2. “DH is problematic insofar as it pursues technologies as ends”

This, to me, is spot on. Scholars of the humanities can’t simply chase after technologies. They must understand technologies critically, consider them within networks of actors that affect action (see Latour, Reassembling the Social), and, perhaps most importantly, maintain a responsible focus on how technologies affect human beings in the world (though not with a myopia that prevents them from seeing the workings of non-human actors). Furthermore, to see technologies as ends can dissuade scholars from conceiving of issues of access that are incredibly important to consider.

That being said, I’m skeptical of the claim that this is not the case in DH work, though I can see the authors’ fear that funding opportunities might push scholars along that path.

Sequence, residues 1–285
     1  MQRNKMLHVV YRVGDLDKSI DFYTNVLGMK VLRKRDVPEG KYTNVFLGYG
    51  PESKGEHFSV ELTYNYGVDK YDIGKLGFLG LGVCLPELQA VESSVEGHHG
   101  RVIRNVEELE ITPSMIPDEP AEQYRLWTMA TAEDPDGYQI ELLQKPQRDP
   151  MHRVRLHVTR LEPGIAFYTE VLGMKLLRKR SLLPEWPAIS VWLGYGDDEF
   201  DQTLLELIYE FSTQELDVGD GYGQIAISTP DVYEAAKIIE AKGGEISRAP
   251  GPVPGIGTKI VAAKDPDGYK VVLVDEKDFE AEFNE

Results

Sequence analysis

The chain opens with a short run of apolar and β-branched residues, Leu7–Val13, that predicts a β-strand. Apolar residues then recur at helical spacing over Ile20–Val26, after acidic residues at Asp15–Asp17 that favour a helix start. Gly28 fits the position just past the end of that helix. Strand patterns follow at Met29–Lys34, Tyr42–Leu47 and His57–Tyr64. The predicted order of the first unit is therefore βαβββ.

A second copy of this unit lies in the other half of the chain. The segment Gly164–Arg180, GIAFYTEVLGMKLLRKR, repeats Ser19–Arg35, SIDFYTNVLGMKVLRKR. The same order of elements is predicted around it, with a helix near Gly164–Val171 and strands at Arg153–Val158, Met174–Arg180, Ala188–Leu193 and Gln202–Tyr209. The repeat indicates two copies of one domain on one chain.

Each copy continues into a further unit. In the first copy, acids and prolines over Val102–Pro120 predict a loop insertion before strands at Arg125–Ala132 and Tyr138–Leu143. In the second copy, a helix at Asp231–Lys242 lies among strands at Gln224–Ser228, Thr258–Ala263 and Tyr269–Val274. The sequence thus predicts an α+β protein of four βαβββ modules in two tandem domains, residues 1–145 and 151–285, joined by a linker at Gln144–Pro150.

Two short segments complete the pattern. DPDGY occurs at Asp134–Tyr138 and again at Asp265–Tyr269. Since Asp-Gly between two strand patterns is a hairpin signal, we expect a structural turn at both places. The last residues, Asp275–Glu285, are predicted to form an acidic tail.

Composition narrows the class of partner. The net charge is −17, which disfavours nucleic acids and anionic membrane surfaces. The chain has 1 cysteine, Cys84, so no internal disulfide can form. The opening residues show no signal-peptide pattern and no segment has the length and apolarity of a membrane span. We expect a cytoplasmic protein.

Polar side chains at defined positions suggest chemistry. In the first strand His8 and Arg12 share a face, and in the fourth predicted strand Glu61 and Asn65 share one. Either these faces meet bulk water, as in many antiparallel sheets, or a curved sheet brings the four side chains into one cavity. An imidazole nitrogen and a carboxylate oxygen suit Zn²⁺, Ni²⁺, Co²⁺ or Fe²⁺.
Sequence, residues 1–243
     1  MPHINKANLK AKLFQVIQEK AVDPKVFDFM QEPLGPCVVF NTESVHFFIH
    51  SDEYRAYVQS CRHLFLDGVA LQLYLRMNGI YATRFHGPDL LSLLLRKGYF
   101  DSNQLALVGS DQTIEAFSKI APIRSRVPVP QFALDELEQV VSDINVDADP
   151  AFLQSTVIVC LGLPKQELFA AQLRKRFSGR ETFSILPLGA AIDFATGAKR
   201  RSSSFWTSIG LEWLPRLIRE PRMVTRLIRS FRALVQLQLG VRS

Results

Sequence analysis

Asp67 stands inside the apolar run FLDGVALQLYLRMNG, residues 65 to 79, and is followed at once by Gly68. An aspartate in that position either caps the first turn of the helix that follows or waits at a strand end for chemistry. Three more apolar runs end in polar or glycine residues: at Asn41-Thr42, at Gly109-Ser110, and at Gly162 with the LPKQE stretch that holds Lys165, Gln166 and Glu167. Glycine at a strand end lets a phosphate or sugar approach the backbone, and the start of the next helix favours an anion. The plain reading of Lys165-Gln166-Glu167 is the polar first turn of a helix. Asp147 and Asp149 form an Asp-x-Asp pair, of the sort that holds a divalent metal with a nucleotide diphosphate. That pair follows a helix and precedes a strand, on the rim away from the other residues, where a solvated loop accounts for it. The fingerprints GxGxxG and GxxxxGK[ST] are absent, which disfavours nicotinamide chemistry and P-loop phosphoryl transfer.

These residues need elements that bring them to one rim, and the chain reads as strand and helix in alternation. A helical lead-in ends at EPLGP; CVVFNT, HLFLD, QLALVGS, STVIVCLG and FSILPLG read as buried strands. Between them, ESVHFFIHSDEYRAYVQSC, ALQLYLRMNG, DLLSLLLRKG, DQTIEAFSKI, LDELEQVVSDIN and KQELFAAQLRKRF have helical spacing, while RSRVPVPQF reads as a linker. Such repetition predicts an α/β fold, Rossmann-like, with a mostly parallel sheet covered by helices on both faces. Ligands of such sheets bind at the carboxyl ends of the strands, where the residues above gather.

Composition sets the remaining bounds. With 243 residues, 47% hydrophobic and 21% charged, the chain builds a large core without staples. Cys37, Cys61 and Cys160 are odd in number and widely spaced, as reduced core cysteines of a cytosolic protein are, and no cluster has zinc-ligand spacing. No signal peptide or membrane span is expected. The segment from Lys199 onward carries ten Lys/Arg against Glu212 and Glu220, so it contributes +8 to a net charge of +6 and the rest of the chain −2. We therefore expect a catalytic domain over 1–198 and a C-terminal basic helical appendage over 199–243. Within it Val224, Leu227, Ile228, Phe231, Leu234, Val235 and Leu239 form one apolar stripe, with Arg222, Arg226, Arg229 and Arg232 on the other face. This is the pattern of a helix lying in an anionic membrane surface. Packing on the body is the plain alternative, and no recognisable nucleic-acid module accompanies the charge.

3. “Postcritical stances necessarily lead to conservative, managerial, and technocratic tendences in humanities scholarship”

This, I think, is the weakest argument the authors make. Speaking as someone who is thoroughly persuaded of the necessity for critique, I am still confused about why these authors demand all critique, all the time.

This demand actually reminds me of the pedagogical imperative discussed in my discipline. In both cases, a demand that everyone carry out the same type of work in a field beckons bad scholarship, and worse yet it forecloses on knowledge that may be gleaned through conceptual exploration.


  1. To be fair, I have heard that this tendency can also be prevalent in DH communities, and this is something the authors themselves point out. 

  2. Of course, practices of making can themselves be critical. For evidence of this, see Garnett Hertz’s recent project regarding “Critical Making,” where scholars have come together to explore this potentials of making as critical activity.